FIG. 1 is an overview of option available to the voter and automatic updating of databases.
FIG. 2 is the voter registration process.
FIG. 3 is the voting process.
FIG. 4 is voter initiated database changes.
FIG. 5 is automatic input database changes.
 Item 1 is the voter
 Item 2 is the registration process
 Item 3 is the voting process
 Item 4 is the process for changing data
 Item 5 is a communication device such as a telephone
 Item 6 is an electronic identification system such as ‘caller ID’
 Item 7 is the communication device owners identification database
 Item 8 is the communication device electronic media
 Item 9 a unique voter identifier such as the Social Security Number (SSN)
 Item 10 is the unique voter identifier database
 Item 11 is a voter's biometric live scan
 Item 12 is a biometric database and repository
 Item 13 is a signature card
 Item 14 is the signature card database
 Item 15 is the communication device ballot
 Item 16 is a system for recording and tallying votes
 Item 17 is an electronic voting center (EVC)
 Item 18 is operator assistance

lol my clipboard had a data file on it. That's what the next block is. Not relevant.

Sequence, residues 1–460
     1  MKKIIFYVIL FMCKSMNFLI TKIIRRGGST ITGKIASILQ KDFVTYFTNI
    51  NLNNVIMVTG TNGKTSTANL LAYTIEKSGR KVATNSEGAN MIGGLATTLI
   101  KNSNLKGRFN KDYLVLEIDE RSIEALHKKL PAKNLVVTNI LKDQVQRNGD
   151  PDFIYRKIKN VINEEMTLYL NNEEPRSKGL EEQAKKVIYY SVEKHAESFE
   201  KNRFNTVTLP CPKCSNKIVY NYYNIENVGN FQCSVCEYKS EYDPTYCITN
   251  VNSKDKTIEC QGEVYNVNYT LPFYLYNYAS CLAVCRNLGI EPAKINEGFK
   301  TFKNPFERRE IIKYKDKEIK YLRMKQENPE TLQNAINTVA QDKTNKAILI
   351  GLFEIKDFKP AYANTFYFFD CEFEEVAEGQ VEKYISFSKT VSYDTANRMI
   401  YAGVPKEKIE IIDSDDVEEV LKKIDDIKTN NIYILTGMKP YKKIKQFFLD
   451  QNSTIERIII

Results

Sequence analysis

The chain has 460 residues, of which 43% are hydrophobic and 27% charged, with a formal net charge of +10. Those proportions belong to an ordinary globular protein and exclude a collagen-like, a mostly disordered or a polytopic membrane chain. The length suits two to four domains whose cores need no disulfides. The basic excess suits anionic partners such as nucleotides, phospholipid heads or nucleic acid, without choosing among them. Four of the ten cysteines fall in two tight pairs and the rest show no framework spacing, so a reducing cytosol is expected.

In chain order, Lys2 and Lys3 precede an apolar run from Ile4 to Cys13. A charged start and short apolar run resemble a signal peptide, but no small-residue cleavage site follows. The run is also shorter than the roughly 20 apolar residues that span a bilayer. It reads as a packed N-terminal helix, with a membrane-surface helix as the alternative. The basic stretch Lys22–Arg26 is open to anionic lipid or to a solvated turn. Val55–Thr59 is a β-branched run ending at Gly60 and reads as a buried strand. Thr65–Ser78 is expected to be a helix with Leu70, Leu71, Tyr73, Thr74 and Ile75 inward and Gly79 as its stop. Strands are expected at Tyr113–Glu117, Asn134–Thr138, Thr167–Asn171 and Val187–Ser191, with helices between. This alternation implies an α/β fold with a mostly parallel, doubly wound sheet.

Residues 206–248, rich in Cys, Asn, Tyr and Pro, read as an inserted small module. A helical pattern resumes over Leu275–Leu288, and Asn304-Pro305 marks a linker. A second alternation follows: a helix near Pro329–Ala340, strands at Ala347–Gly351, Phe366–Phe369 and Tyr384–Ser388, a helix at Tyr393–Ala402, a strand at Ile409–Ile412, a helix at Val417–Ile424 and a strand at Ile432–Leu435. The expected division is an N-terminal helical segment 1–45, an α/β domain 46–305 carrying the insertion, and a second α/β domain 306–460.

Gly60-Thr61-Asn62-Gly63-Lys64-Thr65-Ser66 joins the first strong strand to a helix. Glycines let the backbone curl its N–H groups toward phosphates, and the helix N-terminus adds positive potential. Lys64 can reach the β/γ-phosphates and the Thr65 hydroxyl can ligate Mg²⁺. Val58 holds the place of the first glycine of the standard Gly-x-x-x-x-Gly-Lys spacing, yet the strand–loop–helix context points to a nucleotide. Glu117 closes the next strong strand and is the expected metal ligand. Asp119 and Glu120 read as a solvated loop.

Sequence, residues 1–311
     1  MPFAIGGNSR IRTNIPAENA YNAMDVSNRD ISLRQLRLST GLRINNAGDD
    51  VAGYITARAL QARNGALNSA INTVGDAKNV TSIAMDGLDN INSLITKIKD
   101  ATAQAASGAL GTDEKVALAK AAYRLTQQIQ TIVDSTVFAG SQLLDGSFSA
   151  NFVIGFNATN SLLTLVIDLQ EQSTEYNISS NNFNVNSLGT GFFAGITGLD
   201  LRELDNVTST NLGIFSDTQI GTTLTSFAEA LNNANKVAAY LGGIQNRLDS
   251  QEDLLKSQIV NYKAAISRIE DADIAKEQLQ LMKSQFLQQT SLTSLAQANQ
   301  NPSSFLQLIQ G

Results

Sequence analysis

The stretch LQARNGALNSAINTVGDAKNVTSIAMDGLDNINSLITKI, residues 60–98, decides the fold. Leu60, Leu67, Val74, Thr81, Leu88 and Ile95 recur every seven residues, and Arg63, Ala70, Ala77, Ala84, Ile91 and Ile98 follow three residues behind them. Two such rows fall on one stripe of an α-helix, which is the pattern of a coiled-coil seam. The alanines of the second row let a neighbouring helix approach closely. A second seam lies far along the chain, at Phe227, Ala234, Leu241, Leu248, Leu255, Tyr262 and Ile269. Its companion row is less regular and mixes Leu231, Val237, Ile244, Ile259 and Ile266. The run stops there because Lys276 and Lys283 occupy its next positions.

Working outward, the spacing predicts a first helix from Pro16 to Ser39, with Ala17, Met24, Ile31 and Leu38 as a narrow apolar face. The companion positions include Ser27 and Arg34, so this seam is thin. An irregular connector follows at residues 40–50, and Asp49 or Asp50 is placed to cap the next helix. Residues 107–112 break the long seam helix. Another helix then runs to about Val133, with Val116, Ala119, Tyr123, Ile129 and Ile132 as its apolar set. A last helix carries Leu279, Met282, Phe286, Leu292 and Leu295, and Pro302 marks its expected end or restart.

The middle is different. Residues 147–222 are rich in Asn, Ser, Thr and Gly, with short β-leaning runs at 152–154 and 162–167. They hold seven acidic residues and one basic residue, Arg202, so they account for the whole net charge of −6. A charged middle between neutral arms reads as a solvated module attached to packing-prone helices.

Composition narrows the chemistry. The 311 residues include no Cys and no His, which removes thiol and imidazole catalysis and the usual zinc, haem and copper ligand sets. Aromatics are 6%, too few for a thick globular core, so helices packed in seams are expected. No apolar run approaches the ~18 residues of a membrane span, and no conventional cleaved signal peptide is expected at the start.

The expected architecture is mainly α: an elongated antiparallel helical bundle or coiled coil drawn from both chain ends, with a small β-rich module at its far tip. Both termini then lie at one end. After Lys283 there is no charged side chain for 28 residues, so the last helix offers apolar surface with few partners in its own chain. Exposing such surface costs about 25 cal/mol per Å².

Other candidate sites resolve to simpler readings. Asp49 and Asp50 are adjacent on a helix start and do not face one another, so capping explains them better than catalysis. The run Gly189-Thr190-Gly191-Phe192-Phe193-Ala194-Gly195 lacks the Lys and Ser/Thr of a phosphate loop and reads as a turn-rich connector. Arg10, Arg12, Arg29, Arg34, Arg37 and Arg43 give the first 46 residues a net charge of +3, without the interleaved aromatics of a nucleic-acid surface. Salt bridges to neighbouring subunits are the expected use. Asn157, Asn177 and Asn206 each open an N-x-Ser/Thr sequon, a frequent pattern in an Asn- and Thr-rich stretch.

A simplified computerized voting information system that encompasses voting through a communication system using the voter's voice in conjunction with their social security number, driver's license number, or telephone number to verify the person and register their vote. This database will be used for registration of a person to vote. It contains a database of known records of a person such as a telephone directory which contain the person's name, phone number, address, social security number and driver's license number. This database is the main source from which the system will verify a user's identity against. Using the “Caller Id” a function of most telephone's phone today, the computerized system will recognize the incoming phone number and register it in the system. Upon its registration of this phone number, it will enter into a verification mode where it will search for the person's record of telephone in the directory database until a match is found. Upon an affirmative match, the system will then ask the user to input their voice data by talking into the phone. The person will say their phone number or social security number. The computerized system will then record the voice data into a template ending the computerized registration process. A signature card will then be sent to the address of record requesting the voter's signature which will be returned and kept of file for future changes.